Getting the bizarre gang back together
I’ve found that it’s a rather fruitless endeavour to guess which games will get a sequel — mainly because I’m usually wrong. If you’d asked me “Fraser, will there be a Zeno Clash II?” I would have confidently responded with “Outlook not so good.” The original Zeno Clash was a wonderful, absurd, and utterly unique game, and thus not something that one would ever expect to see the like of again.
It’s a good thing, then, that nobody asks me anything, because I would have looked rather silly. Zeno Clash II did happen, and I know this because I’ve been playing it. It’s a grander, more ambitious title than its forebearer, and is filled with oodles of insanity and no small amount of pugilism. With the added scope comes a slew of problems, however, and I suspect that it won’t be quite as fondly remembered as its predecessor.
Zeno Clash II (PC [Reviewed], PlayStation 3, Xbox 360)
Developer: ACE Team
Released: April 30, 2013
Everything is bigger in Zeno Clash II. The narrative, combat, and world have all been pumped full of steroids, but, like the shrinking testicles of a roid addict, this creates all sorts of problems. The first Zeno Clash was a short adventure with familial themes and lies uncovered, it was undeniably bizarre, but personal. Not so this time.
Instead we’re left with an all too familiar “epic” journey, one to defeat a big, bad Golem, and save the world. A freakish gallery of characters, both new and returning, crop up constantly, but only exist to move the confused plot forward, with no time given to developing the completely alien civilizations that pepper the game-world.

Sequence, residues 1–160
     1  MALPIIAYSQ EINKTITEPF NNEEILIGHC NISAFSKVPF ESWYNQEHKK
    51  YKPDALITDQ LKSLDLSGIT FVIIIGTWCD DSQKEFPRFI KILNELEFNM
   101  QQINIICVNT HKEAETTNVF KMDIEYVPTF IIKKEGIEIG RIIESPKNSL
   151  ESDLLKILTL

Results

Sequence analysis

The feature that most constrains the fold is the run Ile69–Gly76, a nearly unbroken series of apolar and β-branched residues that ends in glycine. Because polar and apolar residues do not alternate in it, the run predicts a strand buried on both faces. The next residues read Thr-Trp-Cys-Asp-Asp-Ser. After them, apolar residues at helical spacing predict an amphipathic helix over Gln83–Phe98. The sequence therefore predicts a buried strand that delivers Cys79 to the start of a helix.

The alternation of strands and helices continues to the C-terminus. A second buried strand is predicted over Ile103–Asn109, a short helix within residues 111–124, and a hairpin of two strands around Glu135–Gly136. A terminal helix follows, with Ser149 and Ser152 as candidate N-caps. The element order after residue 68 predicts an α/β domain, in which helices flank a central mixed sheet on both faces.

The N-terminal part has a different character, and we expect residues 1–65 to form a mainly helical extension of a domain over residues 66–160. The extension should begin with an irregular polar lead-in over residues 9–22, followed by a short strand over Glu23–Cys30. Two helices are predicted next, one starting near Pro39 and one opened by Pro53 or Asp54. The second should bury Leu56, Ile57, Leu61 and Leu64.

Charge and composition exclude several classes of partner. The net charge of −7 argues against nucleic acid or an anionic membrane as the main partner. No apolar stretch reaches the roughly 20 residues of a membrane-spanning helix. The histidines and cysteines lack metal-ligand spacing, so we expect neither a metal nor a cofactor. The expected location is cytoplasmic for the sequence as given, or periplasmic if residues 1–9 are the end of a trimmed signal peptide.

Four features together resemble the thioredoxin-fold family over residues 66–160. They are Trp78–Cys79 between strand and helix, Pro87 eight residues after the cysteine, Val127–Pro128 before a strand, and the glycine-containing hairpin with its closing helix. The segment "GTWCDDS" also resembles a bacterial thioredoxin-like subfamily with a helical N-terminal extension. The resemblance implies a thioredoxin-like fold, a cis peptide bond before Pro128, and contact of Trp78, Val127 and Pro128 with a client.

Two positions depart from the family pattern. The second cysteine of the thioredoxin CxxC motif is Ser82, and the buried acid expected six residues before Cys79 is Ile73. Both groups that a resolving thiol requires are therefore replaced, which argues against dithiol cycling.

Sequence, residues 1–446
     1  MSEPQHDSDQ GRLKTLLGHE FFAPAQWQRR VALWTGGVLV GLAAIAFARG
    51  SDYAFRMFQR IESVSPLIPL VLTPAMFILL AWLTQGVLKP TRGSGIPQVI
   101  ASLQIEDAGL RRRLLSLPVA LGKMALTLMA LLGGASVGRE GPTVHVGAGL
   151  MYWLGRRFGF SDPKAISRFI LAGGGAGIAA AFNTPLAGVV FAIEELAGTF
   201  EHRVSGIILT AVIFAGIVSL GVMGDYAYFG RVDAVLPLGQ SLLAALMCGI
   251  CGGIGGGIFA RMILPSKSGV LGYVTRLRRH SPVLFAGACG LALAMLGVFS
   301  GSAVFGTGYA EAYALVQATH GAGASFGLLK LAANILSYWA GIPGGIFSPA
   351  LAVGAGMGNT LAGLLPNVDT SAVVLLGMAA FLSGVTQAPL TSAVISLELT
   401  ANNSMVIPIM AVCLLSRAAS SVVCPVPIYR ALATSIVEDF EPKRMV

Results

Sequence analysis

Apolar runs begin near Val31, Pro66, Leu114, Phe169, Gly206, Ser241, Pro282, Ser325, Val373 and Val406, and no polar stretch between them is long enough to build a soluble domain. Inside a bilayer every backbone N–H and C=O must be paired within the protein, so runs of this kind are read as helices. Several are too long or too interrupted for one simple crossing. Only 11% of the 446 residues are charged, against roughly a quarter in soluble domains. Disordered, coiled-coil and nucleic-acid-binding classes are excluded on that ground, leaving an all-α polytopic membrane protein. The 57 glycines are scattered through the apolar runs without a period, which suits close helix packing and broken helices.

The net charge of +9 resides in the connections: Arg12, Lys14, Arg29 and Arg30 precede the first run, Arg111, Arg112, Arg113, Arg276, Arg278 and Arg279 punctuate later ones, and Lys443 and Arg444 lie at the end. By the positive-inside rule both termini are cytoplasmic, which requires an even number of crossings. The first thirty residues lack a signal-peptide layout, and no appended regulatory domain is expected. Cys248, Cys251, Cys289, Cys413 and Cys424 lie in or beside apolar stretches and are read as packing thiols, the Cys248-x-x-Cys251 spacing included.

Protagonist Ghat collects companions like Pokémon, barely giving them the time of day before putting them in an invisible ally prison, only really bringing them out for certain fights. There’s a strange dearth of character or world building, with the journey itself becoming the focus.
It’s a substantial journey, though. Ghat and Co travel the world by land and sea, going to haunts both new and old, with each trying to outdo the others in strangeness and to the point where they begin to defy description. There are the deadly, monolithic houses of the Golems, dead lands populated by horrifying animated statues, a desert filled with angry shrimp-people, and rolling grasslands where the flora spurts out bubbles and fountains of water.
There are countless moments where I felt like a tourist, stopping dead in my tracks to gawk at a gigantic statue or an impossible structure. Unfortunately, gawk was all I could really do, as there are few interactions available in Zeno Clash‘s many areas. Skill totems — for the tacked-on RPG element — and chests are the only reasons to go off the beaten track, and the lack of a proper map makes that unnecessarily obstinate.
Ghat’s not a tourist, though — he’s a man who punches things in the face, repeatedly. He does it well, too. Zeno Clash II boasts an extremely competent first-person melee system, and it’s both simple and rewarding.